"Bodice-ripper" has a long history of being used as a stand-in for the genre of popular romance in general. Witness, for example, headlines from many of the mainstream news outlets reporting on Rupert Murdoch's purchase of Harlequin earlier this month: "News Corp buys "bodice-ripper" publisher Harlequin." To the romance-literate, however, "bodice-ripper" has a more precise meaning: an epic historical romance, told from the point of view of a young heroine as she gradually wins the older, brutal man's love. Violence, evil villains, bad metaphors for sex, and myriad incidences of what today we would call rape perpetrated on the body of the heroine by the "hero" are the staples of the sub-genre, books written in the mold of Kathleen Woodiwiss's 1972 The Flame and the Flower and Rosemary Rogers' 1974 Sweet Savage Love.

Make sure you don't step on the hem
of that gown, Kristen!
Some suggest that the term "bodice-ripper" refers to the book's covers, in particular, to their penchant for depicting women whose bosoms seem poised to rip free of their bodices if they make one wrong move. But almost all bodice rippers include a scene or scenes of actual bodice-ripping, scenes in which the male protagonist violently tears a garment of the heroine's clothing off of her body prior to forcing himself sexually upon her. It's this trope I'd like to explore in today's post.

A search for "bodice" and "rip" in my e-text version of The Flame and the Flower reveals that it was not actually a bodice, but a chemise, that ended up on the scrap heap after being torn from our heroine Heather's body during her first sexual encounter with the book's eventual hero. Although when you read the actual passage, the violence of the act is rather underplayed: "She felt his hands go up her back and with an easy tug he separated the shift and snatched it from her" (28). Only later, when Heather is cleaning up the room after being assaulted (see above passage), is it made clear that it was not only Heather's virgin body, but also her garment, which was rent by ship's captain Brandon Birmingham.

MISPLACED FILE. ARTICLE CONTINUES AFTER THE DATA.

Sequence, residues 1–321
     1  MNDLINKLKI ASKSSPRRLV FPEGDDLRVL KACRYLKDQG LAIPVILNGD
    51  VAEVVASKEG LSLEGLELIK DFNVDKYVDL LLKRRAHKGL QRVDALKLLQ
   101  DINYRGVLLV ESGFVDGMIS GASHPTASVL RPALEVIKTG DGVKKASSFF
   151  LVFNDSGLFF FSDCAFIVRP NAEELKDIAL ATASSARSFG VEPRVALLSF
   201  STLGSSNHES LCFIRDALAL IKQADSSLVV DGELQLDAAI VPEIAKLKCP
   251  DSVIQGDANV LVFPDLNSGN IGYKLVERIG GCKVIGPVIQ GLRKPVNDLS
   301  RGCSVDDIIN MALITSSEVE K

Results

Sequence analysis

What's going on with all that garment ripping? I think it's a dual signal to the reader, one that conveys opposing messages that are somehow made compatible through the symbolic power of the act. On the one hand, ripping a woman's clothing off of her body is a clear signal of the hero's lack of control. He is so driven by his passion for the heroine that he cannot stand to wait for any delay, even the minor delay of pushing a few buttons through their proper holes or untying a recalcitrant tie. His passion for the heroine has moved so far beyond social conventions that he must rip any symbol of said conventions from her body. His lack of control points both to the overwhelming nature of his feelings, and to the fact that someone else besides the hero is the one in charge, the one with the power. Perhaps it might be the heroine? If she and she alone can make him act so?

On the other hand, bodice ripping is all about the physical power of the male. The hero is strong enough to hold a woman still, and to tear apart some pretty strong fabrics (except in the case of those flimsy summer Regency gowns): linen, silk, flax, cotton, brocade. In the days before the sewing machine, clothing was made to last; even ripping a garment along its seams likely would have required more than average strength. A man strong enough to rip your bodice from you would likely be stalwart enough to prevent other men from attacking you, too. You might have to put up with his rapes, but at least you would gain protection from the rape of others...